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Foley Probe Not A Jefferson Replay

This was written by CBS News producer Beverley Lumpkin.

Because Mark Foley is no longer a member of Congress, and because his personal inner-office has already been sealed, the Department of Justice is confident there will be no Constitutional clash like the one that is ongoing with Rep. William Jefferson, D-LA.

Jefferson has been under investigation for accepting bribes, although he has denied violating any law or taking any bribes. FBI agents came under sharp criticism from Congressional leaders when they searched Jefferson's Congressional office late one Saturday night last spring. Although an appeals court has ruled that the search did not violate the doctrine of Separation of Powers, many in Congress were infuriated by what they considered the Justice Department's high-handed attitude towards a separate branch of government.

In the Foley case, however, the House Counsel has already provided information to the Justice Department in terms of facts known about Foley, concerns that were raised about him, and when.

The "preservation letter" that went up to the Hill this morning was signed by U.S. Attorney Jeff Taylor and addressed to the House Counsel. The letter requested that the House Counsel ensure the preservation in Foley's office of all documentation, computers and electronic files.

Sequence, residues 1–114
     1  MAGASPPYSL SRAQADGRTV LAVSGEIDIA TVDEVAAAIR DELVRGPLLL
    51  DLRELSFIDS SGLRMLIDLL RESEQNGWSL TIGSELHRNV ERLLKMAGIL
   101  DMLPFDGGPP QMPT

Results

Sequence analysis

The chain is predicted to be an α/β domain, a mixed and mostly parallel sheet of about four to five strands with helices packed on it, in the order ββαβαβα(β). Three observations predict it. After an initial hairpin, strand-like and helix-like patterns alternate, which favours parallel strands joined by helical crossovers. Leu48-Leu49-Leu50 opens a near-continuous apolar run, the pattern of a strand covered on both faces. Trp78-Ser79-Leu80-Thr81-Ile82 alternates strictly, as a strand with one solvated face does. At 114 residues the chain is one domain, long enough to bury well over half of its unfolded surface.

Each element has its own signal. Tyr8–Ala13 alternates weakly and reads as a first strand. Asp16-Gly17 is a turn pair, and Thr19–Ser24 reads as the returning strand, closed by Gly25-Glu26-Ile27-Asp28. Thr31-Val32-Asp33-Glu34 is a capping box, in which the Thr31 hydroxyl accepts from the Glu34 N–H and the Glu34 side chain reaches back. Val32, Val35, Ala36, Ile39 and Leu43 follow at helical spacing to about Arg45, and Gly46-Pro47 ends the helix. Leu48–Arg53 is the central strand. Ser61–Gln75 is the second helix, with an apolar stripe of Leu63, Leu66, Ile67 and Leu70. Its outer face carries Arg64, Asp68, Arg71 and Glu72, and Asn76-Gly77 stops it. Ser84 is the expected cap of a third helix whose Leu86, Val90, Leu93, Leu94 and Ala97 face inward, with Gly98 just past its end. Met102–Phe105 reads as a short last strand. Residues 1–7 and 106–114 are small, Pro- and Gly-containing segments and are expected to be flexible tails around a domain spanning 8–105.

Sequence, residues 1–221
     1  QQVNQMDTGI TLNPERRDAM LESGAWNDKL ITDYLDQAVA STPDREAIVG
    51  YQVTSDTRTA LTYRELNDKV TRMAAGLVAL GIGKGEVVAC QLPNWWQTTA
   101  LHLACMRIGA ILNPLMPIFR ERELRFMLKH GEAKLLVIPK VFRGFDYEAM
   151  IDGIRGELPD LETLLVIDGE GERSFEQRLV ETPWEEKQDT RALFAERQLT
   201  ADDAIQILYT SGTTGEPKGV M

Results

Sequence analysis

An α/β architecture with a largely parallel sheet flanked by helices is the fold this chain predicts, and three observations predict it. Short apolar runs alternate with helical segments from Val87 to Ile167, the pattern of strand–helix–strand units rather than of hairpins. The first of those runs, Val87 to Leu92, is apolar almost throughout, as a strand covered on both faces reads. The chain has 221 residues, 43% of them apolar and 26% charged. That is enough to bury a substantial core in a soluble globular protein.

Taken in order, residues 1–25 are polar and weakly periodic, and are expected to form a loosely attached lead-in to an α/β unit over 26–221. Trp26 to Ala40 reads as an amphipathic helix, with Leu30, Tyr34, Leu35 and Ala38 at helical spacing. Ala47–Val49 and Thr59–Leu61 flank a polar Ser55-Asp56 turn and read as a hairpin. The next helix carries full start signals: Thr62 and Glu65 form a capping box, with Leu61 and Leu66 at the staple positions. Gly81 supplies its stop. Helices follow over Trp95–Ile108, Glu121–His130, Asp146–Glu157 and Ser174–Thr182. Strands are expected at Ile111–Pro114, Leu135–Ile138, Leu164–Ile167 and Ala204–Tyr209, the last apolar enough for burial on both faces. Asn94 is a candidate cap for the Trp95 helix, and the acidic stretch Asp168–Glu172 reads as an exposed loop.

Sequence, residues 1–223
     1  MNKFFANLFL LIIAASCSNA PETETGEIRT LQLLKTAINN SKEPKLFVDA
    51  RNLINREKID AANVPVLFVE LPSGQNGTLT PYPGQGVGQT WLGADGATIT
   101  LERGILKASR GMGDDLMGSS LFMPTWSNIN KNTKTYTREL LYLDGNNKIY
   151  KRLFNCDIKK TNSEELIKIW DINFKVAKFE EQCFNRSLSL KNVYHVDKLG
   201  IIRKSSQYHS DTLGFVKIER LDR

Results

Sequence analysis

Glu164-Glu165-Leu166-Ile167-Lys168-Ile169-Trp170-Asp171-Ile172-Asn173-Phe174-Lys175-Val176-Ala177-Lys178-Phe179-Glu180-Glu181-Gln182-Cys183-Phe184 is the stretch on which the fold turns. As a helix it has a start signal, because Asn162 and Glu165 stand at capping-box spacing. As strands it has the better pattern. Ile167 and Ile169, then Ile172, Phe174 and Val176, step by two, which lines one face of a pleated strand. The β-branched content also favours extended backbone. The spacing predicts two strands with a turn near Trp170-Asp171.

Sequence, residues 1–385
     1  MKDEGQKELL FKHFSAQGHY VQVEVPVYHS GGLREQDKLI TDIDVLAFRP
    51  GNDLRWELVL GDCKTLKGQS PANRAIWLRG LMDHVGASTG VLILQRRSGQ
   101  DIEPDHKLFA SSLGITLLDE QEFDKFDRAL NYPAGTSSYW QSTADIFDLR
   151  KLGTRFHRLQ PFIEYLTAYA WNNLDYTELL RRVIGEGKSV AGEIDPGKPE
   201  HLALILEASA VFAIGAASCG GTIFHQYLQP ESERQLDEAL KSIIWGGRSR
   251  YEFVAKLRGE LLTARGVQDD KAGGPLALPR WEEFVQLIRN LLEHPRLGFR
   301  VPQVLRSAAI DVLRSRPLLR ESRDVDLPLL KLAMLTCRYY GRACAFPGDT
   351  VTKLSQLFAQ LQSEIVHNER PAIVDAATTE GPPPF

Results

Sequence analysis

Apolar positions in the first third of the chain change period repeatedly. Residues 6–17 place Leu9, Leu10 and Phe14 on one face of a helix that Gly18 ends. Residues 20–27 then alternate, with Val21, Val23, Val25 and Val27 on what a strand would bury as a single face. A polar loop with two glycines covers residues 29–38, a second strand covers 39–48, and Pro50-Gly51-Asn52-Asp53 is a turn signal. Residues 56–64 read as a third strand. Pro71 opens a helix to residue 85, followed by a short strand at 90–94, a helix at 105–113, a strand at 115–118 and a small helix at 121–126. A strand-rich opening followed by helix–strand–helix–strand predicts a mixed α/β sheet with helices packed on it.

The original letter from Speaker Hastert to the Justice Department did not say anything about cooperating with the investigation, but the House Counsel has given "verbal assurances of cooperation" and DOJ is satisfied that it will have no problem accessing any documents or records necessary.

The investigation currently is in the preliminary stages and, as reported earlier, is being conducted by the Washington Field Office working with the FBI/HQ Cybercrime unit, with guidance from the Criminal Division's Child Exploitation and Obscenity Section, as well as the U.S. Attorney.

The Justice Department told CBSNews that in July, when Citizens for Responsibility and Ethics in Washington (CREW) provided the "innocuous" e-mails to the FBI, they were heavily redacted. CREW adamantly denies that and says they provided an FBI agent with complete, unredacted e-mails.

The Justice Department also said that the FBI asked CREW to go back to its source and ask for more information so it could follow up, but CREW refused. That's why the FBI, Justuice said, did nothing further at that time. CREW says the FBI made no such follow-up requests for more information at any time. An FBI agent did place one clarifying phone call on the day CREW turned over the e-mails to double-check that Mark Foley was the congressman involved, CREW said.

Editor's Note: An earlier version of this story failed to present CREW's account. That was a mistake for which we apologize.